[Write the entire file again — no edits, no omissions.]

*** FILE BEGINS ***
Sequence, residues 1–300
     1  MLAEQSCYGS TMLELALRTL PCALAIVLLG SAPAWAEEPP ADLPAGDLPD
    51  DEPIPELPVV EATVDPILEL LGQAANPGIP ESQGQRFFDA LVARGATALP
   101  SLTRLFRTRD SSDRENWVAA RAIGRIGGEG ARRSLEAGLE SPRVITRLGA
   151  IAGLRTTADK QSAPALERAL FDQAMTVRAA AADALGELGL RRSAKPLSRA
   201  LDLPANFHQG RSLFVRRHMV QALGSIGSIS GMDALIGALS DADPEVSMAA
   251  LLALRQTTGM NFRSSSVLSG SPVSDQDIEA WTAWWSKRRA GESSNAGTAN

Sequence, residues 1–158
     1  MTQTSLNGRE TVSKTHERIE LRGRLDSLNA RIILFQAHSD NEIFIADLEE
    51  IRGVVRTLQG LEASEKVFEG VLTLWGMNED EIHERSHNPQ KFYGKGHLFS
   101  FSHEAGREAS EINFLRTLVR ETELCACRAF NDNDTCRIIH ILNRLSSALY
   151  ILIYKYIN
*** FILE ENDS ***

Sequence, residues 1–300
     1  MLAEQSCYGS TMLELALRTL PCALAIVLLG SAPAWAEEPP ADLPAGDLPD
    51  DEPIPELPVV EATVDPILEL LGQAANPGIP ESQGQRFFDA LVARGATALP
   101  SLTRLFRTRD SSDRENWVAA RAIGRIGGEG ARRSLEAGLE SPRVITRLGA
   151  IAGLRTTADK QSAPALERAL FDQAMTVRAA AADALGELGL RRSAKPLSRA
   201  LDLPANFHQG RSLFVRRHMV QALGSIGSIS GMDALIGALS DADPEVSMAA
   251  LLALRQTTGM NFRSSSVLSG SPVSDQDIEA WTAWWSKRRA GESSNAGTAN

Sequence, residues 1–158
     1  MTQTSLNGRE TVSKTHERIE LRGRLDSLNA RIILFQAHSD NEIFIADLEE
    51  IRGVVRTLQG LEASEKVFEG VLTLWGMNED EIHERSHNPQ KFYGKGHLFS
   101  FSHEAGREAS EINFLRTLVR ETELCACRAF NDNDTCRIIH ILNRLSSALY
   151  ILIYKYIN